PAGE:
Get Real

You are lying.

Okay, now that I have your attention maybe I should say that there’s a really good chance you are lying. No offense. It’s just that in my work I’ve noticed  a large-scale self-deception going on.

What are we lying about? We’re lying to ourselves about how much we’ve committed to. We’re lying about how much we’ve piled on our plates. While we do have an unnerving sense that it’s probably a lot, we avoid getting up close and personal with it. It’s just too uncomfortable.

The most crucial thing I promote with my clients is becoming an expert definer of work. And by “work” I mean all the commitments, big and small, professional and personal, significant and less so. Becoming an expert definer of work means not only have you identified what you are committed to, you are clear about what you’re going to do next about it. So we’re not talking about simply writing down the ABC Project and calling it a day. We want to get to what you are actually, physically, specifically, really going to do about it (ala David Allen’s Getting Things Done  approach).

What usually happens  in the early stages of my workflow coaching with someone sounds  something like this:

(The client picks up a sheet of paper on the desk or opens an email.)

Me: So what’s this?
Client: Oh, it’s something I have to do related to Peru.
Me: Is it a project – is it going to take 2 or more steps?
Client: No – I just have to review and send comments on this document.
Me: Okay, so let’s get that on your list.
Client: Well, this thing isn’t really that important. I don’t want it on my list.
Me: So you don’t really want to do anything about it?
Client: No, I do – it’s just not that important. It’s going to overwhelm me to see all those little things on my list.

Here’s the deal. Defining your work doesn’t increase the amount you have. It just makes you face the truth. I see this all the time: so many hidden commitments, tasks, wishes, resolutions that we don’t want to acknowedge, or get rid of. So, we secretly lug them around. Each thing may seem small and insigificant in and of itself. Yet, when combined, they weigh heavy on the shoulders.

Why do we routinely deceive ourselves about how much we’ve committed to? Maybe it’s because if you really looked at what you’ve committed to, you might see it’s actually not possible. And then there goes your neatly-kept, idealized vision of yourself.  Perhaps you’re afraid of disappointing people. Or of dissappointing yourself. Of not living up to some I-can-do-everything self-concept. Or I’m-a-helpful-person mantra. Or I’m-a-team-player ethic. Or an all-things-to-all people MO. Or an I-love-being-needed secret motive.

This may seem obvious, but it bears saying: simply avoiding knowing whether you are over-committed is never going to change reality. If you have too much – regardless of whether you’ve acknowledged it or not, the ship is going down.

There’s a phrase I use all the time in my work ~ and it applies here:

The truth will set you free.

When you can look at everything you’ve committed to straight in the face, when you understand the practical implications in terms of your time and energy, when you can be honest with yourself: that’s when you have power. That’s when you are in a position to do something about it. You have the power to choose – whether it’s to rearrange your schedule, make choices to skip some meetings, see if there is someone who can help you, delay something, let go of something, or renegotiate with your boss.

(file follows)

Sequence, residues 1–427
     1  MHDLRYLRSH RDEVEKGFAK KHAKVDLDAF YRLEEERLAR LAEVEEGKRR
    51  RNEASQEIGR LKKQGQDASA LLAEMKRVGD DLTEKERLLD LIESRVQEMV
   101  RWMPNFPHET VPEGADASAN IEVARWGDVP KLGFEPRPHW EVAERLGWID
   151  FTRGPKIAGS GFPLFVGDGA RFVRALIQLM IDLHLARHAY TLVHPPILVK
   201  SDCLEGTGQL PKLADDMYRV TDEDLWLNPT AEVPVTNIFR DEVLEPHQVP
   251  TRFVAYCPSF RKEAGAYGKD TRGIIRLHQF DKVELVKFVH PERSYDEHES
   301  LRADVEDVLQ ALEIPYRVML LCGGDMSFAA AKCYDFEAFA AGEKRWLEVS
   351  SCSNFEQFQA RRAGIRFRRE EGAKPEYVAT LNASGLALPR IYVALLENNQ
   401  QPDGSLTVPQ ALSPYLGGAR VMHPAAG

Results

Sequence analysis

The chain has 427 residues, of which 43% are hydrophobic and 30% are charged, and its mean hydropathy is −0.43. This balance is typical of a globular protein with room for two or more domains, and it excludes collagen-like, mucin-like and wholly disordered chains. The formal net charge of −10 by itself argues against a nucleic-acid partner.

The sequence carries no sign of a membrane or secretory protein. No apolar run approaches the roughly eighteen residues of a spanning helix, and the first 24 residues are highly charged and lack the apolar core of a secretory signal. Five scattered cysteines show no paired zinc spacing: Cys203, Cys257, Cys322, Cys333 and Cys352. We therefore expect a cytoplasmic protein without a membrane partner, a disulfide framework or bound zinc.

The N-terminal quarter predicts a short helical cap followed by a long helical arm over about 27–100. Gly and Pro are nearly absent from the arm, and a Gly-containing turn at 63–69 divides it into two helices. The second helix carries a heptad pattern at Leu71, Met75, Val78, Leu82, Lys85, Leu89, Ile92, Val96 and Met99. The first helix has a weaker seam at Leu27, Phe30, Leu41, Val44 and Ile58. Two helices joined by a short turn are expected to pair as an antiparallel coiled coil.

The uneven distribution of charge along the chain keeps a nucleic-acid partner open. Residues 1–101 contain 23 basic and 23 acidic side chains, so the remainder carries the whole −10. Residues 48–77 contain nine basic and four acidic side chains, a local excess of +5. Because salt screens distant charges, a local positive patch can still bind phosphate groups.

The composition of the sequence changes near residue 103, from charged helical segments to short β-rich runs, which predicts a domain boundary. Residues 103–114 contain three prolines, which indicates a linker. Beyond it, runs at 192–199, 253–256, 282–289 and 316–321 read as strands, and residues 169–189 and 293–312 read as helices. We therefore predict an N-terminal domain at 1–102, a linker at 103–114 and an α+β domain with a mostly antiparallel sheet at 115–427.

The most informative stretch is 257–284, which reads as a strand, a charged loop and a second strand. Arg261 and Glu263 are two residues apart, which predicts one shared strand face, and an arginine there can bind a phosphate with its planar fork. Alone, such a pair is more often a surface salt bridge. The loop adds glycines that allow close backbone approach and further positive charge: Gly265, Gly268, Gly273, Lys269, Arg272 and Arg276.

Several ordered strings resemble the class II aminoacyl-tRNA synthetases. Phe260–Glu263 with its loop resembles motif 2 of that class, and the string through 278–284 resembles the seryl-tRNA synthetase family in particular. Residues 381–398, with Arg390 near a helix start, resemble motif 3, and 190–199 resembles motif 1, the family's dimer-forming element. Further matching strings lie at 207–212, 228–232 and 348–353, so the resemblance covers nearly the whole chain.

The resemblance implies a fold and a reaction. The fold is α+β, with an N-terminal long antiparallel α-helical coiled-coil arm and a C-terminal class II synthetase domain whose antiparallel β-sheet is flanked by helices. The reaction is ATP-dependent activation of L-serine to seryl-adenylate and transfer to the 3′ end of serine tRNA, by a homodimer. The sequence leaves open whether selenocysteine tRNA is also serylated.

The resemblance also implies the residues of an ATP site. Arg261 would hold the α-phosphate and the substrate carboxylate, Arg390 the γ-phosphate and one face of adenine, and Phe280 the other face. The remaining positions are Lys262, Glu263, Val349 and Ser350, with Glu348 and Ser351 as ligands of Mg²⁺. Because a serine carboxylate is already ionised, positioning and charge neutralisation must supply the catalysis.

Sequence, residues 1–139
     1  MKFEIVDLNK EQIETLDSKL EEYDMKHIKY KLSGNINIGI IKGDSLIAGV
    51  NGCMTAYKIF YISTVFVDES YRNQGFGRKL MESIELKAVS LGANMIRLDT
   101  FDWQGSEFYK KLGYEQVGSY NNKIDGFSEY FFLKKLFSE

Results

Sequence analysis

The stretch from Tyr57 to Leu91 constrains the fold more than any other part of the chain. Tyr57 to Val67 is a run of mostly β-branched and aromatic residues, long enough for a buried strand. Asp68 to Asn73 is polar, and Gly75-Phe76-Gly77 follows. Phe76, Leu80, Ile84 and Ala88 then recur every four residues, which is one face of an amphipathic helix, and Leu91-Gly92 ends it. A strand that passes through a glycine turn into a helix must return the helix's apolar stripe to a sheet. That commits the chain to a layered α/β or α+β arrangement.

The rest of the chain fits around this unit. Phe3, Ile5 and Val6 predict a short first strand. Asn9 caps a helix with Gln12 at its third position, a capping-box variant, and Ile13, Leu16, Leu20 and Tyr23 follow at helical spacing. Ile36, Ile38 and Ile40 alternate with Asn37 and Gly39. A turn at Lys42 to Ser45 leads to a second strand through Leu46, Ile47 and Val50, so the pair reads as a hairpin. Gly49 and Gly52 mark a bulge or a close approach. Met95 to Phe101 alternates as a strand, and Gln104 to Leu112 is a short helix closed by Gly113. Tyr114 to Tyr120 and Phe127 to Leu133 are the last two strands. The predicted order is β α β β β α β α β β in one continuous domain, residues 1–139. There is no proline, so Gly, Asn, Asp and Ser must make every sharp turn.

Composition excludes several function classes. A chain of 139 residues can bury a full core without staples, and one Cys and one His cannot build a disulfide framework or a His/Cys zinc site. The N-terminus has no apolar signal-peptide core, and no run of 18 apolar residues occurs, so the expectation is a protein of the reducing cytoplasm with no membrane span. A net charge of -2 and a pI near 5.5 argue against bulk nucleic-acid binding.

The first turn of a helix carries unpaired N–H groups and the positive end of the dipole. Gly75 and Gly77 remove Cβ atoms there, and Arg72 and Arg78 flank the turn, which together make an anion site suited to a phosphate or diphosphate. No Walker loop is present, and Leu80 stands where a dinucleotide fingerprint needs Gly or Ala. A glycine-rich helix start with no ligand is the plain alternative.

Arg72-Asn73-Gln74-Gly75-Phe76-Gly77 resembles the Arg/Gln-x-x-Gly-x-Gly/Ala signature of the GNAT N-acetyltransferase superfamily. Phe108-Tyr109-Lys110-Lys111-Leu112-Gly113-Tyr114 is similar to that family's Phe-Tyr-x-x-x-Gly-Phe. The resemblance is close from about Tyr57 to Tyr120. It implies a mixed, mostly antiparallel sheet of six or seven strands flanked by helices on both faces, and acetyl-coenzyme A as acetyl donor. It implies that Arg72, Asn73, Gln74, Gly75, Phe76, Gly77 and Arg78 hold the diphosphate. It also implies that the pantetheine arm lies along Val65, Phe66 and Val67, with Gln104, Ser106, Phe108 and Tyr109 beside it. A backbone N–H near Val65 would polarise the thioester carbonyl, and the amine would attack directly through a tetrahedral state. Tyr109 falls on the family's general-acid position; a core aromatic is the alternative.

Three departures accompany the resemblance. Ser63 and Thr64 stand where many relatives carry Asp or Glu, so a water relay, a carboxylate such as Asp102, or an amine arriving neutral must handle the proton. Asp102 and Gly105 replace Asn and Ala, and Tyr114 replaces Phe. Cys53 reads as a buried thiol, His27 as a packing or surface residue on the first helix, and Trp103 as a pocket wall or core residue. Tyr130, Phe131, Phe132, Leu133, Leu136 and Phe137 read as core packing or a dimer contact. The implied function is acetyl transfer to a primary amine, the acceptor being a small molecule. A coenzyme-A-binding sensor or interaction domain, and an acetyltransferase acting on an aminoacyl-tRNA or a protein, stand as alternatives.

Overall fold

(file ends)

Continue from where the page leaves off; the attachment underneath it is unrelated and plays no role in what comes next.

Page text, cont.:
On the other side, if you aren’t honest about everything you’ve committed to – an uncomfortable sense of overwhelm, anxiety and doom will perpetually pursue you. And, ironically, in that effort to not dissappoint others or yourself, you probably will.

So dissolve avoidance with awareness. Get clear about every single, little and big thing on your plate. Don’t hold back and don’t hide anything, even if it makes you temporarily break out in a sweat. Get it all out there and spell out  the next actions.  Then, step back and ask yourself: Is this realistic? Have I overpromised? Can I do all this in the timeframes I’ve committed to? If not, do I need to rearrange things? Or talk to my boss? Or my family? Am I doing anything that really isn’t mine to do? Is there someone else in a better position to do it? Is there someone who can help me with parts of it? Are there things here that actually don’t matter? Or that I’m actually never going to do? Do I need to renegotiate with anyone?

It’s true:  honesty is the best policy. Honesty gives us power. It puts us back in the driver’s seat and takes those energy sappers of overwhelm, anxiety, and doom, off the road.

So, c’mon, let’s get real.


PICTURE THIS ~ Sometimes It Rains

photo by Lindsay Satterfield

 “The best thing one can do when it’s raining is to let it rain.” 

~Henry Wadsworth Longfellow

OmmWriter: You Had Me At Hello

by Lindsay Satterfield

In our multi-functional, there’s-an-app-for-that world, where your iPhone can practically make dinner for you and help you meditate, OmmWriter stands out in its bold simplicity – in its counter-culture, unapologetic single-mindedness. OmmWriter is about one thing and one thing only:  writing.

OmmWriter is a text editing program that may just surprise you with it’s alluring ability to bring pleasure back to something you may have blocks about, or dread, or feel  you just don’t have time for. And it may wow you with the uncanny and understated way it carves out a creative oasis to compose your thoughts – whether in a plane, a train, a Starbucks, a cube, or a busy day.